Upcycled Jewelry - Create a Bracelet With Colorful, Quirky "Green" Style
Have you ever really looked at a plastic shampoo bottle? The colors are so deep and rich, so pretty it's hard to throw them away or even recycle them. You don't have to if you make them into jewelry...
I won't bore you with talk of green lives and landfills. But I promise if you follow these simple instructions, you can turn some of that pretty plastic into a colorful, fun and quirky bracelet. Your non-crafty friends will be so inspired by your eco-friendly jewelry style, they'll want upcycled jewelry too. They might even make it themselves.
- Sturdy scissors
- Hole punching tool: sturdy paper punch (office supply or craft store), precision punch (riogrande.com or firemountain.com) or hand drill (about 3 dollars at craft stores)
- Colorful Plastic: bottles, used credit or gift cards, coffee can lids, etc.
- 25 to 30 Base metal jump rings or spring rings from a craft store like Michael's.
- Wire for trim (Optional)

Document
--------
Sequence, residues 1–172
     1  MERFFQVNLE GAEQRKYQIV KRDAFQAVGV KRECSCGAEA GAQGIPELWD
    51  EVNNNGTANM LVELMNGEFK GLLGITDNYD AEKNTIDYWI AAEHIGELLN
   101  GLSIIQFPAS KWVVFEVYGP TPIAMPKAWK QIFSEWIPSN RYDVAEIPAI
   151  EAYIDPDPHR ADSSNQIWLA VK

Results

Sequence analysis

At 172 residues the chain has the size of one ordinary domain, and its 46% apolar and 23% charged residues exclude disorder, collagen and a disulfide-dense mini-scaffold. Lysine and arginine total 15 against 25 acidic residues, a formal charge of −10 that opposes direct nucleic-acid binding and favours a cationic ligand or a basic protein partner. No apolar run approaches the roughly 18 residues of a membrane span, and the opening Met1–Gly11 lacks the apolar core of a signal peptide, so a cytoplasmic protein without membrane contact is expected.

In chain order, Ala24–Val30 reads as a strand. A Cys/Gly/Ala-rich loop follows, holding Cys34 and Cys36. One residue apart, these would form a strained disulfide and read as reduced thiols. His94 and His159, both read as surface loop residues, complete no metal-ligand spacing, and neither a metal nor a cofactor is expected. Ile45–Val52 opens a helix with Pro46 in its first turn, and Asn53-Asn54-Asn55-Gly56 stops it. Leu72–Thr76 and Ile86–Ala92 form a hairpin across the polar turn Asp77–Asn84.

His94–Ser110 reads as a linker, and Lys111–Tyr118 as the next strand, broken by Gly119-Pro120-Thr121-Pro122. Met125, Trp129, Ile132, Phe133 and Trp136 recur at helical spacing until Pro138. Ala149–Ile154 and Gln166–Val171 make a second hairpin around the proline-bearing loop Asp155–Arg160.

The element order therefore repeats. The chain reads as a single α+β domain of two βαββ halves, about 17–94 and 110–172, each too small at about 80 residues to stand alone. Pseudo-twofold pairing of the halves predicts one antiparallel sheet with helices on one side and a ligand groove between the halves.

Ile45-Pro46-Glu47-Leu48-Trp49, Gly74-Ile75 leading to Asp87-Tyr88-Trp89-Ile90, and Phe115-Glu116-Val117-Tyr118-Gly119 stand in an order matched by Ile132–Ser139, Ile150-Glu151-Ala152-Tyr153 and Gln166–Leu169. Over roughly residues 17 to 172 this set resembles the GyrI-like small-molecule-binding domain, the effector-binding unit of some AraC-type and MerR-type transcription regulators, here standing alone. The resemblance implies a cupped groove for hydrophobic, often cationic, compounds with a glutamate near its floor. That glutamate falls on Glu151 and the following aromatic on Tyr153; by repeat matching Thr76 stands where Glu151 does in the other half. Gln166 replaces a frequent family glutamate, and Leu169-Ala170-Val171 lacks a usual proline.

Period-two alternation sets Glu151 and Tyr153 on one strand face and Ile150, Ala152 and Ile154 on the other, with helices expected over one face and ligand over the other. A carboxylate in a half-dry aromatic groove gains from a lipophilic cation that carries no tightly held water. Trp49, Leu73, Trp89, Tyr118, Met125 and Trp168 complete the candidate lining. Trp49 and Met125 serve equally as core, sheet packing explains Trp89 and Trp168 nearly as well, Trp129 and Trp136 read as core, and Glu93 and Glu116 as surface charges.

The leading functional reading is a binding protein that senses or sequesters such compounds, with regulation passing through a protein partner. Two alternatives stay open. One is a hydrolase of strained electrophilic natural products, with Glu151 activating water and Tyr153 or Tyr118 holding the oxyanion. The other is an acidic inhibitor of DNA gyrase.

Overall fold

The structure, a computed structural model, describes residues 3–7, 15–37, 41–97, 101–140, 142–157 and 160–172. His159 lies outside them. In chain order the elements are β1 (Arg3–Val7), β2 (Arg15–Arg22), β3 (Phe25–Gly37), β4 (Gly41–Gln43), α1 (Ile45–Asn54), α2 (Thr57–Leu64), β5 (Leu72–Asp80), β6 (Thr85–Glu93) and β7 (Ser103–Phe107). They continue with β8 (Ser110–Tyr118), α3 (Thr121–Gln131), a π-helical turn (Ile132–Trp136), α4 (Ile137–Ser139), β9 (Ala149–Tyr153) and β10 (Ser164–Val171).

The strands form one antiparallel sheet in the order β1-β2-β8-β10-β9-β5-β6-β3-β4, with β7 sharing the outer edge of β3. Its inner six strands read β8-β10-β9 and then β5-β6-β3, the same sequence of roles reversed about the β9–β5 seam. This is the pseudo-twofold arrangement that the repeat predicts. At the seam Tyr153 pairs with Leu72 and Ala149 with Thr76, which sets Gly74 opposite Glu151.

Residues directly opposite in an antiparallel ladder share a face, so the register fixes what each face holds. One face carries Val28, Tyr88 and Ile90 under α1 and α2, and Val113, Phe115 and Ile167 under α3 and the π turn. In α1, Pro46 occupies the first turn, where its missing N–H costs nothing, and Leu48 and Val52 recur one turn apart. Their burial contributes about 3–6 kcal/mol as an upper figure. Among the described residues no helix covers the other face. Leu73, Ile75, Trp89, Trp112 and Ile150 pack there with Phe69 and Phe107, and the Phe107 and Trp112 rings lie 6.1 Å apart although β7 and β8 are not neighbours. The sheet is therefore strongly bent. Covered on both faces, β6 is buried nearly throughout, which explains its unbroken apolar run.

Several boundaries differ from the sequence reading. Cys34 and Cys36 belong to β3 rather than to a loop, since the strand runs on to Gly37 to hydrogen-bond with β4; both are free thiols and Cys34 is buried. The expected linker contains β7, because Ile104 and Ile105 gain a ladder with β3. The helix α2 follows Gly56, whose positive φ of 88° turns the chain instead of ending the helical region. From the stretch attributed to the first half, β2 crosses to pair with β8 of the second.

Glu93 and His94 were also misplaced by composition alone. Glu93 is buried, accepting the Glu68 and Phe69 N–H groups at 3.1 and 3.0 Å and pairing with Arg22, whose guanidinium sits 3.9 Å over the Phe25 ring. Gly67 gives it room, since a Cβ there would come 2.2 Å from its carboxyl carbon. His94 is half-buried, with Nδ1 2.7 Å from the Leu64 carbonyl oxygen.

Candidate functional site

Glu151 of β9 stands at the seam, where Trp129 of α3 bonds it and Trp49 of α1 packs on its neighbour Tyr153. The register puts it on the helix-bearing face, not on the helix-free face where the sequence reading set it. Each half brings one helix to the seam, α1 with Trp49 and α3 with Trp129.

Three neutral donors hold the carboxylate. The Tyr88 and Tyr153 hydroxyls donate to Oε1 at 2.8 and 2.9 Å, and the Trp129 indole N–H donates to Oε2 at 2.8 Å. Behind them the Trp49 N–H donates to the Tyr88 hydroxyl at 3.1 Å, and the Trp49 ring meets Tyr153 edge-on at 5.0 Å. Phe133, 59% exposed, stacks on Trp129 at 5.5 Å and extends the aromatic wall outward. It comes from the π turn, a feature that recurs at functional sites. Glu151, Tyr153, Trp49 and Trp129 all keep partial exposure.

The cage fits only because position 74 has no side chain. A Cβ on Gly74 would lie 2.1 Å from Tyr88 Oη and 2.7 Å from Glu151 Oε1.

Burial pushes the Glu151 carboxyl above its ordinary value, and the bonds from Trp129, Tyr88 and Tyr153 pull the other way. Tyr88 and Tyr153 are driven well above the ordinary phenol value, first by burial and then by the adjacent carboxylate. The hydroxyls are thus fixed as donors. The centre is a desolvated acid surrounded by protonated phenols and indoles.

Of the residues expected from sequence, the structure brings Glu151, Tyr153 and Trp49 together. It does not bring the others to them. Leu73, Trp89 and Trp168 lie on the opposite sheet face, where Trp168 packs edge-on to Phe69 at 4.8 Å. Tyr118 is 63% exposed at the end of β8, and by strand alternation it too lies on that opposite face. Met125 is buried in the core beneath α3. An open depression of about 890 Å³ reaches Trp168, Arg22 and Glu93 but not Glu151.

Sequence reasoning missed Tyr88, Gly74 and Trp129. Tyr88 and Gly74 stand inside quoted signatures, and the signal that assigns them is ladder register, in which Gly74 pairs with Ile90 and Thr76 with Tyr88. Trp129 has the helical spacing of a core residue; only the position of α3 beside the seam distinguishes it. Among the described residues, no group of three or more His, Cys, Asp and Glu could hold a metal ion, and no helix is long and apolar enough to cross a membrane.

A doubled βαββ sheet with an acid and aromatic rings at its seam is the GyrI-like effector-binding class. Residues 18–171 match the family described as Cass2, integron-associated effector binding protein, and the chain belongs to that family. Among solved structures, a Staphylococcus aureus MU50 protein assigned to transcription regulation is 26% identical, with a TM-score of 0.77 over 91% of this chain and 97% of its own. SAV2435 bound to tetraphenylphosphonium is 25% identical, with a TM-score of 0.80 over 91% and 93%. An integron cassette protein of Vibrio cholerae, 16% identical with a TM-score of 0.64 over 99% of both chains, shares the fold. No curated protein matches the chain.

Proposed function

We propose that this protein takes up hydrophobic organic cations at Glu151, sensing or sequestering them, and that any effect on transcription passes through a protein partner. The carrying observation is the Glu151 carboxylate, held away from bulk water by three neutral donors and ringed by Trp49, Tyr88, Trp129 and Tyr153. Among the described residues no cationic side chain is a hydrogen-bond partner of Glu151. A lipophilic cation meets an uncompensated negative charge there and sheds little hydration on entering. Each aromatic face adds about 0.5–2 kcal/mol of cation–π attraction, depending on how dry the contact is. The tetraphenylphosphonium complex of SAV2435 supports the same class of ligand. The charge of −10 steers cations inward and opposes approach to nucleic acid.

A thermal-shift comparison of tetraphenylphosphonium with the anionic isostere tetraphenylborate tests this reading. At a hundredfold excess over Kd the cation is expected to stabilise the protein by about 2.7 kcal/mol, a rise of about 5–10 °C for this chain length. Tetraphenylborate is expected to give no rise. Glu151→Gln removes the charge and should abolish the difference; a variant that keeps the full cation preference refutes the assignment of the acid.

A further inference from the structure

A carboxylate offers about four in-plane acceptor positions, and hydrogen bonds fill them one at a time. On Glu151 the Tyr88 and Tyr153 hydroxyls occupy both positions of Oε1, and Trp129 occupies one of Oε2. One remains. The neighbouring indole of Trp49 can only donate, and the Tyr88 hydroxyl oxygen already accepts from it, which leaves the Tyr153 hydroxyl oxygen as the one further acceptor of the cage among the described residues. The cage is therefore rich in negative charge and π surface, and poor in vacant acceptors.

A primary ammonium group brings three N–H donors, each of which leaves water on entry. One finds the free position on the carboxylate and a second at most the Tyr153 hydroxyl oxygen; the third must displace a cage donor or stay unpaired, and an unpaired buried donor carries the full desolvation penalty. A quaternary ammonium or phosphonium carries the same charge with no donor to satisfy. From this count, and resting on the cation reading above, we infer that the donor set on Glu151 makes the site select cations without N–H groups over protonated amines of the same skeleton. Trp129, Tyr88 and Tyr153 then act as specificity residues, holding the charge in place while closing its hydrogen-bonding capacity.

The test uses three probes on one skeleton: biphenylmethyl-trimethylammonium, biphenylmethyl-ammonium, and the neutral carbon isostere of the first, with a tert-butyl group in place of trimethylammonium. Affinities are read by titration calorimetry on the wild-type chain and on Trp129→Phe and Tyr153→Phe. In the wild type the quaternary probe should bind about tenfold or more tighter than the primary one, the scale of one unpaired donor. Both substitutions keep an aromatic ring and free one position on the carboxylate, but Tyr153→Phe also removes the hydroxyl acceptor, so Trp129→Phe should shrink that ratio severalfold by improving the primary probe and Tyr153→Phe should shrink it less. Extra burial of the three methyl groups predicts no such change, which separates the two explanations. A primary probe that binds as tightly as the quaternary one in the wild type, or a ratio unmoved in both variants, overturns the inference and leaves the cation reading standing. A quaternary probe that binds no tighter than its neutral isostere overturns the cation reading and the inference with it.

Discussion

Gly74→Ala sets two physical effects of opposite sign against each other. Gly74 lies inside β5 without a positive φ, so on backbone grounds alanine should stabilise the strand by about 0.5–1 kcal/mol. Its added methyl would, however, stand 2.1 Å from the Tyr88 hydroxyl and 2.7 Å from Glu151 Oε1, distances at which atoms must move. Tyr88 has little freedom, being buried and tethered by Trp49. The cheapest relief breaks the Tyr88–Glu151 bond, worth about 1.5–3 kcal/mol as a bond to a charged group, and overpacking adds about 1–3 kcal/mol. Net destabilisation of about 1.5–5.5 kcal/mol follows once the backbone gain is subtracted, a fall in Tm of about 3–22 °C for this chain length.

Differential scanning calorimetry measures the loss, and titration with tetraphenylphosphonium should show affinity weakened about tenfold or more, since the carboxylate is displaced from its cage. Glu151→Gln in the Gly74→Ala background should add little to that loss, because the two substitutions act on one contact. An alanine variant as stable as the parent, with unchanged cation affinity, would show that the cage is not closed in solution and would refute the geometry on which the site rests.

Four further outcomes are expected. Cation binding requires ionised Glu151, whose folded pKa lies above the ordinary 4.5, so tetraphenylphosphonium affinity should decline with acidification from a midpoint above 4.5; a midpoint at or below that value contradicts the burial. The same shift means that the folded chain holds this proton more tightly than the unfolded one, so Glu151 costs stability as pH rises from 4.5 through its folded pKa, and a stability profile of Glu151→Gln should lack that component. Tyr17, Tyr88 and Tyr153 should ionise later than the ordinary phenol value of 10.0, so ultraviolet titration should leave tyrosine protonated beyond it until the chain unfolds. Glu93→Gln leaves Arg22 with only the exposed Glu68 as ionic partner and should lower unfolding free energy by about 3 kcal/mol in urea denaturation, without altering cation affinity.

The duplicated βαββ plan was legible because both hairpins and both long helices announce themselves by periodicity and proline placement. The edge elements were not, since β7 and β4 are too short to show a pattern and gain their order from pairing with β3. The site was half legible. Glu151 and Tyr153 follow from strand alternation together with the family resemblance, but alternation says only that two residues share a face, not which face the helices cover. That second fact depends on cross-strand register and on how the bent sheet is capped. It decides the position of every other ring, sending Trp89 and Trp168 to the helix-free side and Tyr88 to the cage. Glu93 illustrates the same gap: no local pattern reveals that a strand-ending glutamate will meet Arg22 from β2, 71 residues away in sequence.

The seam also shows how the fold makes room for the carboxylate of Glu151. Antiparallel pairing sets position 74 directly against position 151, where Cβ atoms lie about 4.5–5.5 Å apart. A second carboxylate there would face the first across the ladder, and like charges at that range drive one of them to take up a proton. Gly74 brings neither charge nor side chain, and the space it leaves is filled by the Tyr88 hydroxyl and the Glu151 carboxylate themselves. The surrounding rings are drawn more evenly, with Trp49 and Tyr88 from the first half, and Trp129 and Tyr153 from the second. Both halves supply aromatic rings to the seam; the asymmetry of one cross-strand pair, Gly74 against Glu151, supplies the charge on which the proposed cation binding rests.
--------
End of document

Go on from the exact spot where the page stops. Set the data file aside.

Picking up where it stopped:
- Fine line marker
- Bracelet length chain with clasp. Links should have openings big enough to dangle a jump ring. Keep it inexpensive; remember you're creating a fun, plastic bracelet, not a family heirloom. Here are a few options:
- 1) Try digging through your old jewelry for a chain.
- 2) Buy an inexpensive base metal chain from a craft store.
- 3) Make a simple chain by connecting jump rings or spring rings together and adding a a clasp at one end.
- 4) Or follow the Figure 8 Chain instructions in "3 Simple Wire-Working Jewelry-Making Secrets."
Prepare Plastic and Create Plastic Shapes
- Clean and cut your plastic into large workable pieces.
- Use the marker to draw 25 to 30 shapes on plastic (hearts, flowers, circles, etc) more if you like.
- Cut out shapes with scissors.
- Punch holes in your shapes. The paper hole punch will work well with thin, flexible plastic. For thicker plastic try a hand drill or precision hole metal punch
Finish Your Bracelet
- Slip a jump ring through the hole in a plastic shape and add to chain.
- Try layering two colors before adding.
- Continue adding pieces, as many or as few as you desire, spacing them evenly along the chain length.
- Add wire trim if you choose.
Carol, The NIce Lady
Updated and reprinted from her article previously published on Yahoo Voices